Relationships Between the Threshold and Slope of Psychometric and Neurometric Functions During Perceptual Learning: Implications for Neuronal Pooling

Department of Neuroscience, University of Pennsylvania, 3610 Hamilton Walk, Philadelphia, PA 19104-6074, USA.
Journal of Neurophysiology (Impact Factor: 2.89). 10/2009; 103(1):140-54. DOI: 10.1152/jn.00744.2009
Source: PubMed


Perceptual learning involves long-lasting improvements in the ability to perceive simple sensory stimuli. Some forms of perceptual learning are thought to involve an increasingly selective readout of sensory neurons that are most sensitive to the trained stimulus. Here we report novel changes in the relationship between the threshold and slope of the psychometric function during learning that are consistent with such changes in readout and can provide insights into the underlying neural mechanisms. In monkeys trained on a direction-discrimination task, perceptual improvements corresponded to lower psychometric thresholds and slightly shallower slopes. However, this relationship between threshold and slope was much weaker in comparable, ideal-observer "neurometric" functions of neurons in the middle temporal (MT) area, which represent sensory information used to perform the task and whose response properties did not change with training. We propose a linear/nonlinear pooling scheme to account for these results. According to this scheme, MT responses are pooled via linear weights that change with training to more selectively read out responses from the most sensitive neurons, thereby reducing predicted thresholds. An additional nonlinear (power-law) transformation does not change with training and causes the predicted psychometric function to become shallower as uninformative neurons are eliminated from the pooled signal. We show that this scheme is consistent with the measured changes in psychometric threshold and slope throughout training. The results suggest that some forms of perceptual learning involve improvements in a process akin to selective attention that pools the most informative neural signals to guide behavior.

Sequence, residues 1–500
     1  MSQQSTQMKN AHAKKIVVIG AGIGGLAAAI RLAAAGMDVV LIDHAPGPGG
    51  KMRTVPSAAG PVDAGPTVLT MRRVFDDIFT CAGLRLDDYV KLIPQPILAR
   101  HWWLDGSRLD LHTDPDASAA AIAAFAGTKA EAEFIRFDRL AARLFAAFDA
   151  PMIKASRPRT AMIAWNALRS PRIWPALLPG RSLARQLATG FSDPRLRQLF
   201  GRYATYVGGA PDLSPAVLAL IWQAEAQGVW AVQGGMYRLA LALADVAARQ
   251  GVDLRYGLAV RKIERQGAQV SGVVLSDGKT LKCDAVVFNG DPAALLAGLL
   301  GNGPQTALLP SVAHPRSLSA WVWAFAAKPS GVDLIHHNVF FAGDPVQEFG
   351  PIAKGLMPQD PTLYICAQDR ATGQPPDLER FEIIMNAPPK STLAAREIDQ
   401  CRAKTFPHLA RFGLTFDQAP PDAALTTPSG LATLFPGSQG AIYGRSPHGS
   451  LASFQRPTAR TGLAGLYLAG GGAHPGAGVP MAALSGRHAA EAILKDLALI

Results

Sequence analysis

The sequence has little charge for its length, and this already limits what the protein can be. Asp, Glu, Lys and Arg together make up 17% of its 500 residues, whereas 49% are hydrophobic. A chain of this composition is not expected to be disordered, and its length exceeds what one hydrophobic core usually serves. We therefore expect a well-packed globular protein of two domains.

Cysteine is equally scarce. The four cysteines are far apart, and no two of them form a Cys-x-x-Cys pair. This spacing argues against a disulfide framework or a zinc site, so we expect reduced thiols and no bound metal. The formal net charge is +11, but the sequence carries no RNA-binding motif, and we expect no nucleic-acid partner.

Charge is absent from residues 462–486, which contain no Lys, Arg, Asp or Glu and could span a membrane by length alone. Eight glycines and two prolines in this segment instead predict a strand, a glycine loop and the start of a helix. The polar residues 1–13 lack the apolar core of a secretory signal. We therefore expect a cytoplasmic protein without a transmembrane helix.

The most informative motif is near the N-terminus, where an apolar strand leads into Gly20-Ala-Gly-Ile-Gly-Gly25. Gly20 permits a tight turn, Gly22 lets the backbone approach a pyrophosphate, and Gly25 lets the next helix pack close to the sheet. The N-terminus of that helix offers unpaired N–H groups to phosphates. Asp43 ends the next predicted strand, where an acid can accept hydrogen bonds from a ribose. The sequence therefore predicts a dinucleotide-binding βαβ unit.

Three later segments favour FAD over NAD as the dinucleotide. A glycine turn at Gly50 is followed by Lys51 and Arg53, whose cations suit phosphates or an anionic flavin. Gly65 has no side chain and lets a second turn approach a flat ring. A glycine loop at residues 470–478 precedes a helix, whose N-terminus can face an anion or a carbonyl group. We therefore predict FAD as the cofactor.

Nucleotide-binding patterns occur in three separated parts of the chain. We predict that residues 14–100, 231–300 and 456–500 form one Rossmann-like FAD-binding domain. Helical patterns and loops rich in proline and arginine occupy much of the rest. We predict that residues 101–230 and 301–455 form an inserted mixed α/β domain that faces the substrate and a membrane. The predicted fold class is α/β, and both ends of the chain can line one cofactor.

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Available from: Sharath Bennur, Jun 06, 2015
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    • "Behavioral consequences of PL in IT can be probed mainly by changes in two descriptive statistics (Fig. 1C): " mean accuracy (constant error) " —the degree of match between physical (⌬T) and subjective [␮(⌬t)] time intervals on average— and " precision (temporal variance) " —the reciprocal of variance [␴(⌬t)] of perceived time intervals across repeated trials (McAuley and Miller 2007; Merchant et al. 2008b; Zarco et al. 2009). Despite the intimate relationship between the two measurements , which has been demonstrated in many visual tasks (Ahissar and Hochstein 1997; Gold et al. 2010; Herzog et al. 2006; Wenger et al. 2008), simultaneous measurements or conjunctive analyses of mean accuracy and precision data have been rare in studies on IT. Only a few studies have reported concurrent improvement (Meegan et al. 2000) or distinct effects of interstimulus interval or adaptation on discrimination threshold and apparent duration (Buonomano et al. 2009; Johnston et al. 2006; Stetson et al. 2006). "
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    • "The authors conclude that learning results from a change in read-out of the most informative sensory neurons and that these read-out changes are driven by feedback, which guides the selective enhancement of the connections between the most sensitive populations in MT and LIP in order to optimize performance (Law & Gold, 2009, 2010). This model is akin to similar proposals in the attention literature (Eckstein et al., 2000; Palmer & Moore, 2009; Palmer, Verghese, & Pavel, 2000; Pestilli et al., 2011), in which responses from the most sensitive sensory neurons are pooled and responses from uninformative sensory neurons are filtered out, leading to overall improvements in the ability to discriminate target features from distracters (Gold et al., 2010; Palmer & Moore, 2009; Pestilli et al., 2011). Other models, such as the Perceptual Template Model (PTM) and the Augmented Hebbian Reweighting Model (AHRM), hold that learning is driven both by improved filtering of internal and external noise as well as by a selective enhancement of the most sensitive sensory inputs (Dosher & Lu, 1998, 1999, 2009; Lu & Dosher, 2004; Lu, Liu, & Dosher, 2010; Petrov, Dosher, & Lu, 2005). "
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    • "Our results linking attention with selective integration also complement recent findings in perceptual learning. Several studies have suggested that perceptual learning occurs when downstream areas learn to selectively integrate neural activity from the most informative neurons (Dosher and Lu 1998; Gold et al. 2010; Jacobs 2009; Law and Gold 2008). Some of the most direct evidence for this hypothesis comes from a recent perceptual learning experiment by Law and Gold (2008). "
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